The science

During the one month long cruise, we had collected numerous samples of shells from the ocean floor from 32 stations west of Iceland. We did CTD (Conductivity, Temperature and Depth) measurements, to get information about how the temperature, salinity, density and oxygen content of the water vary in the ocean, and we collected water samples at different depths to analyse oxygen and carbon isotopes. We also collected sediments from 31 stations and every core has passed the DNA sampling, color and MS measurements stations. The cores were then cut into sections, split down through the middle, logged and described so that we could  get an initial feel for the quality and utility of the samples we retrieved, before they are brought to shore for much more detailed analysis.

Ashley, Margit and Ida cut a gravity core into sections (left), while Alby brings a multicore from the deck down to the lab (right). Photo credit: Dag Inge Blindheim and Kerstin Perner.

Ashley, Margit and Ida cut a gravity core into sections (left), while Alby brings a multicore from the deck down to the lab (right). Photo credit: Dag Inge Blindheim and Kerstin Perner.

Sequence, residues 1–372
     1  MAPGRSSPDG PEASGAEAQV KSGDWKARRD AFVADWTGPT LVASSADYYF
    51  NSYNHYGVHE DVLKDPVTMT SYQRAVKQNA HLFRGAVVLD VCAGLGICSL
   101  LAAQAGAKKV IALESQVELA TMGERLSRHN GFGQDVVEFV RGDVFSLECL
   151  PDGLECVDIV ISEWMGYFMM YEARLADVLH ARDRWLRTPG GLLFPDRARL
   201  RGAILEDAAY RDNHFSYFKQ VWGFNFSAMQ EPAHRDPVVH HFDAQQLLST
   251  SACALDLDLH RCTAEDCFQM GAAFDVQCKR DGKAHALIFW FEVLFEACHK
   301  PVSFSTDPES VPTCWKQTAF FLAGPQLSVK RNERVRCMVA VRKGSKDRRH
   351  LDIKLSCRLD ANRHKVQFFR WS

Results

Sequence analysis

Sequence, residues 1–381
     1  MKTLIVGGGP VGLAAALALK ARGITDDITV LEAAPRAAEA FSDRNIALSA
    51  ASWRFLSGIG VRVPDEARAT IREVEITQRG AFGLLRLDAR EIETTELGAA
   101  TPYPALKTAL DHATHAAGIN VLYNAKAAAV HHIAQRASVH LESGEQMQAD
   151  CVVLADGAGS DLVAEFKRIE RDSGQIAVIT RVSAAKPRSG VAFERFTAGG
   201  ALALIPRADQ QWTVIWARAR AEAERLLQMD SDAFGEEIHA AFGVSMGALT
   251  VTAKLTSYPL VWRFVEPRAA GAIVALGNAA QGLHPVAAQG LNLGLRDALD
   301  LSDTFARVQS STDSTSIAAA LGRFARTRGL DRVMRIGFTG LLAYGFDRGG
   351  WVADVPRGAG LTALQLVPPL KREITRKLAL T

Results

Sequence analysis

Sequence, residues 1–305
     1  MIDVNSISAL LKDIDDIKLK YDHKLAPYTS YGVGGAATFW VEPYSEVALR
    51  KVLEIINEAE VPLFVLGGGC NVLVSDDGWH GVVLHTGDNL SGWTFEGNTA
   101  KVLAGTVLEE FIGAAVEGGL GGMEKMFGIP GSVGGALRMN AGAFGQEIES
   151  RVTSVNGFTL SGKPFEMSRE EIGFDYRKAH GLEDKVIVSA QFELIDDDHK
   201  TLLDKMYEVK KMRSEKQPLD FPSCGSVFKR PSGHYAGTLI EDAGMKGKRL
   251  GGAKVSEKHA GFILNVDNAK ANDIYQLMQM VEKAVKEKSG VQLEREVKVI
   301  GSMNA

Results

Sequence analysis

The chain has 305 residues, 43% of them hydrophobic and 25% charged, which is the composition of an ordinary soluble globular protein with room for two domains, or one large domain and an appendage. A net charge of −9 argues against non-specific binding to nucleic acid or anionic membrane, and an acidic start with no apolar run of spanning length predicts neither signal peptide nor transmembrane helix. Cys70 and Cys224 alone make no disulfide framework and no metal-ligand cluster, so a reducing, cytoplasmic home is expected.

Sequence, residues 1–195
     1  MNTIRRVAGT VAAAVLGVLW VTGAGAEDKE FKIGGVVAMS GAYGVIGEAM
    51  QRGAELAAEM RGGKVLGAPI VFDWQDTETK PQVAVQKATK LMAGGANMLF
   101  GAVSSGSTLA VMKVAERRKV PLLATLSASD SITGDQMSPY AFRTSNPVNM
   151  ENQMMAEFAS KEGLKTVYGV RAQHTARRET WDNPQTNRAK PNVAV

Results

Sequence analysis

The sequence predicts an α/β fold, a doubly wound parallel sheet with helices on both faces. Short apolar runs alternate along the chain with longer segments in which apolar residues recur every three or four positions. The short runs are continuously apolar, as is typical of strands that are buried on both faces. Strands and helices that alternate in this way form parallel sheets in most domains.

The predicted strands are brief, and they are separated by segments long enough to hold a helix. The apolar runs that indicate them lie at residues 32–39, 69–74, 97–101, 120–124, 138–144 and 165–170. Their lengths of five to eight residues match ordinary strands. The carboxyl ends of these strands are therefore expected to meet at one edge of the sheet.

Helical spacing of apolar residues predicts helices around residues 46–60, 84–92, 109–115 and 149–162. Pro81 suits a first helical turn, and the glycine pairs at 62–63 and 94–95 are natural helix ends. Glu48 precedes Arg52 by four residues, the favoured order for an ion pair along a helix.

Working 24-hour shifts on the ship meant that we achieved a lot and we brought home more than 200 m of muddy sediment cores from the sea floor from the western Nordic Seas and the east Greenland Margin and more than 190 water samples.

Although it was 12 hours of hard work most of the days, it was a pleasure to be part of the cruise. It has certainly not been my last cruise, if it is up to me, and I will look forward to a new cruise if I am lucky enough to get the chance. Weather was nice most of the time, but of course, we had some days of rough seas.  The professionalism of the crew of G.O. Sars created an excellent atmosphere for work and time off, it was more like being on a real 4 star cruise if we ignore the time we worked.